- WHAT'S ON
15th April 2015
This is the second of a series for planters and gospel workers on keeping going through the financial stresses that often accompany ministry. If there is one mind-set change that I’m encouraging its this – support raising is not a precursor to gospel ministry but a necessary and valuable expression of gospel ministry. In other words financial stress is an opportunity to learn and live the gospel.
Few planters see support raising as gospel ministry (don’t we all just want to get on with preaching and evangelism?) and because we don’t see the opportunity for growth that comes to us through it we simply wish our financial pressures away. But what if God wants to keep us humbly dependent on him as individuals and churches? What if financial need is one of the ways God wants to grow us up in the gospel? That’s the shift in thinking I want to encourage.
One of the biggest challenges in embracing support-raising is a fear factor that comes from asking for money. Perhaps, like me, you have always found seeking support for ministry a little awkward, embarrassing or inappropriate. What would it take to persuade you that rather than an embarrassing request what you are offering is an open-door to gospel growth in the life of the person you are seeking support from?
Here is where we need to see what it means that the gospel transforms our understanding of what we are inviting people to do when asking them to partner with us financially. Through the lens of the gospel what we begin to see is that our attitude can and should be different because what we are inviting people to do is transformed by the gospel.
To help us understand how this works we will look at Philippians 4v15-20 and Paul’s words of thanks to the church in Philippi in light of the gifts that they have given to him. Here we will learn why we have unique gospel reasons in asking for support and in taking those reasons to heart enables us to ask boldly.
1. Support-raising is an invitation to share in giving and receiving
In v.15 (NIV) Paul writes that ‘not one church shared [ESV partnered] with me in the matter of giving and receiving, except you only.’ The key idea for us to grasp here is that support raising is an invitation to partner in ministry rather than simply give to ministry. We naturally think asking for money is one-way traffic. That we are asking for something at the expense of someone i.e. our gain is their loss but if they have enough Christian love they might just be prepared to sacrifice what they have for us. But Paul says it is not all one way traffic. The blessing flows both ways. It is a two-way street in which the giver actually receives and the receiver gives.
Now doesn’t that change the very nature of the request? No longer do we need to think that we are merely asking for something from a donor rather in our invitation we are asking for an opportunity to give something the person we are writing too. In essence Paul is saying that giving to gospel ministry is a way of receiving and receiving money for gospel ministry is a way of giving.
How does that work?
2. Support-raising is an invitation to receive eternal reward.
Only a Christian with an eternal perspective can say what Paul says in v.17. He desires not what might be credited to his account (the money he receives from them) but Paul can say to the Philippians ‘what I desire is that more be credited to your account.’ In other words when the Philippians gave to him their own eternal bank-account was being credited. Fee writes ‘their gift to him has the effect of accumulating ‘interest’ toward their eschatological reward.’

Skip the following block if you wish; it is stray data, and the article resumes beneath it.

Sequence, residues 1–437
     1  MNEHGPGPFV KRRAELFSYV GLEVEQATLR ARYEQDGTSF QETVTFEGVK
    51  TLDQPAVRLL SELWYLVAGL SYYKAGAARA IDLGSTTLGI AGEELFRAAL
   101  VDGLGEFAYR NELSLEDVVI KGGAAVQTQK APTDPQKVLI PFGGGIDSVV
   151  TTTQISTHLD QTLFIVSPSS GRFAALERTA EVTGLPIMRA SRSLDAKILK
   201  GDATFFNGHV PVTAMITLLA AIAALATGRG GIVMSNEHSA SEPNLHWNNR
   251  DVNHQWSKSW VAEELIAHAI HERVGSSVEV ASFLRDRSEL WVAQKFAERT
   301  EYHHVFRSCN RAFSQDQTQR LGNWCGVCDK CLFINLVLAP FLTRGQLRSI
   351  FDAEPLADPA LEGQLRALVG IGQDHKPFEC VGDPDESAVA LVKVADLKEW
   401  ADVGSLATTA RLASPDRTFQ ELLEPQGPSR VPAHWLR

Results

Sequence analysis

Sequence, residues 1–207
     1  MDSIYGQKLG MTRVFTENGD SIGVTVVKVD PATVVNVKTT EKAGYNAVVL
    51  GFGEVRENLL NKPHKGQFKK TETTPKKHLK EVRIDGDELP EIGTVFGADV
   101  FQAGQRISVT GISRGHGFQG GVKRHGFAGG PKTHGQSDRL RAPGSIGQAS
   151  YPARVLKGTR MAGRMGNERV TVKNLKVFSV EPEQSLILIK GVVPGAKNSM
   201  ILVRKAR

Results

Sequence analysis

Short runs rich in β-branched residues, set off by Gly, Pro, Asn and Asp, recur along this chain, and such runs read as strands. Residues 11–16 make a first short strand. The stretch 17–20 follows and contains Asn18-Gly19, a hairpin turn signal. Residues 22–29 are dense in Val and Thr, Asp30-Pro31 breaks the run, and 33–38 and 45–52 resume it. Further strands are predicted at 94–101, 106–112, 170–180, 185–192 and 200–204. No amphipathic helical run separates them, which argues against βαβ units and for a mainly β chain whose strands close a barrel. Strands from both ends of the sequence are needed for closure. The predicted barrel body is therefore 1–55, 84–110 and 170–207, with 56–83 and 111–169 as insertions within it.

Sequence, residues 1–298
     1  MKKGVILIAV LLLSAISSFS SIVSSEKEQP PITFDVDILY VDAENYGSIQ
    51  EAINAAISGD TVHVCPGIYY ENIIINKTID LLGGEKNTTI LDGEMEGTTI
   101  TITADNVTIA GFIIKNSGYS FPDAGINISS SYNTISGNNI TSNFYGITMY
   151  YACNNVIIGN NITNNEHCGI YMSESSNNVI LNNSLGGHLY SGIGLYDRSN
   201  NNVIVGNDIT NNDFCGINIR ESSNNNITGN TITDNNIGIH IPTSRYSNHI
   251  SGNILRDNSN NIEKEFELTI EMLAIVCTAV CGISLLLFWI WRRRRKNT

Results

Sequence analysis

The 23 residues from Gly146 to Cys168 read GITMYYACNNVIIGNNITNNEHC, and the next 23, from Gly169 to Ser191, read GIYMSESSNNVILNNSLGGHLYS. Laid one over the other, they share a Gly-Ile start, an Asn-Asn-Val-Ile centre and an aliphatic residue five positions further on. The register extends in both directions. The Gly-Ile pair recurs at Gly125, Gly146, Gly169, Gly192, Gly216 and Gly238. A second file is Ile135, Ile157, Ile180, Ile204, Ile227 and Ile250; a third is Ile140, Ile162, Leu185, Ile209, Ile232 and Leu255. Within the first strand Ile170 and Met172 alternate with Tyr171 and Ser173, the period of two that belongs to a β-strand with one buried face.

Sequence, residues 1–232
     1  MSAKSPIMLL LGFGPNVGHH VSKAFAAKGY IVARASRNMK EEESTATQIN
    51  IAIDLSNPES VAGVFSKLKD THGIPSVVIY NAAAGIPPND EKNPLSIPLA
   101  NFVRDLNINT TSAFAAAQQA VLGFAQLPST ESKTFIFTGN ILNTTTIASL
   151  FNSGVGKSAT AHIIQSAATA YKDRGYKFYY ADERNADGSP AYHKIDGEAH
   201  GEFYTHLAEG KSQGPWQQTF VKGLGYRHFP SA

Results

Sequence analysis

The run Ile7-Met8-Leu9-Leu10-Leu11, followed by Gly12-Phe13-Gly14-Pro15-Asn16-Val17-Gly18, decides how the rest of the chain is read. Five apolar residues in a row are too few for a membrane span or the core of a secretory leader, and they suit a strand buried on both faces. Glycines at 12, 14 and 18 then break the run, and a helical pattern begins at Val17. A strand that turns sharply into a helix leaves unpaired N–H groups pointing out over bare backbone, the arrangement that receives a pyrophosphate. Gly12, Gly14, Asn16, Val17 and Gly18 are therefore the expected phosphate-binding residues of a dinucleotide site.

Now it’s crucial that we grasp this because it means that Christian motives in fund-raising are altogether different from those used by the world. Only the Christian can appeal to eternity as a motive for generous giving. Only Christians can genuinely say that a decision to give is a two-way street because only the Christian can appeal to a motivation of reward in the light of the gospel for those who give generously of the resources God has given them now.
The result is that in support-raising we are offering people an investment opportunity rather than seeking to deprive them of their resourses. We are actually seeking to bless them! Many Christians have received a great deal from God and an invitation to support a gospel-work is an opportunity to put more of their money to eternal use.
Paul is affirming the words of Christ that ‘it is more blessed to give than to receive.’ Support raising is an opportunity, through pointing people to the gospel as their reason to give, to turn reluctant, occasional givers into joyful, generous, sacrificial givers who will share in a greater reward.
3. Support-raising is an invitation to experience God’s blessing now
Finally, Paul points out that those who give experience God’s blessing now as well as in the future. Paul writes in v.19-20 that ‘the gifts you sent. They are a fragrant offering, an acceptable sacrifice, pleasing to God. And my God will meet all your needs according to the riches of his glory in Christ Jesus.’ When we ask people to support our ministry we are giving people an opportunity to experience God’s blessing in his provision both now and in the future.
So don’t be embarrassed to use gospel-reasons to promote gospel-giving. You wouldn’t be embarrassed to bless people through prayer so why be embarrassed to bless people through an opportunity to give. Givers who give because of the gospel grow through the gospel – let’s make our motives and our method an opportunity for them to do just that.
Posted by Neil Powell